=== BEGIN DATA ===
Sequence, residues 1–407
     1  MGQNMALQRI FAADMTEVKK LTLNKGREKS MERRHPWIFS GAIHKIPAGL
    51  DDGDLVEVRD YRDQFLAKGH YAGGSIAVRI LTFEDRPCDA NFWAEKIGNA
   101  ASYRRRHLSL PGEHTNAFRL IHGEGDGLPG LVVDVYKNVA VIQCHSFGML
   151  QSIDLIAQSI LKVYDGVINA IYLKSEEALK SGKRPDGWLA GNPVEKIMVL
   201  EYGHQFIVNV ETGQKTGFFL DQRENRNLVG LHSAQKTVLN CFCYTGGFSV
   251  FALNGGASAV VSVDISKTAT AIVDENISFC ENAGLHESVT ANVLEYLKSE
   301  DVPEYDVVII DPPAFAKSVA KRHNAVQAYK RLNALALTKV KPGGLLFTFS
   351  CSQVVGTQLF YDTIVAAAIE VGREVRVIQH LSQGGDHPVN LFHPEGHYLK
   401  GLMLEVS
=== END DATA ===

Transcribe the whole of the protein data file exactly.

Sequence, residues 1–407
     1  MGQNMALQRI FAADMTEVKK LTLNKGREKS MERRHPWIFS GAIHKIPAGL
    51  DDGDLVEVRD YRDQFLAKGH YAGGSIAVRI LTFEDRPCDA NFWAEKIGNA
   101  ASYRRRHLSL PGEHTNAFRL IHGEGDGLPG LVVDVYKNVA VIQCHSFGML
   151  QSIDLIAQSI LKVYDGVINA IYLKSEEALK SGKRPDGWLA GNPVEKIMVL
   201  EYGHQFIVNV ETGQKTGFFL DQRENRNLVG LHSAQKTVLN CFCYTGGFSV
   251  FALNGGASAV VSVDISKTAT AIVDENISFC ENAGLHESVT ANVLEYLKSE
   301  DVPEYDVVII DPPAFAKSVA KRHNAVQAYK RLNALALTKV KPGGLLFTFS
   351  CSQVVGTQLF YDTIVAAAIE VGREVRVIQH LSQGGDHPVN LFHPEGHYLK
   401  GLMLEVS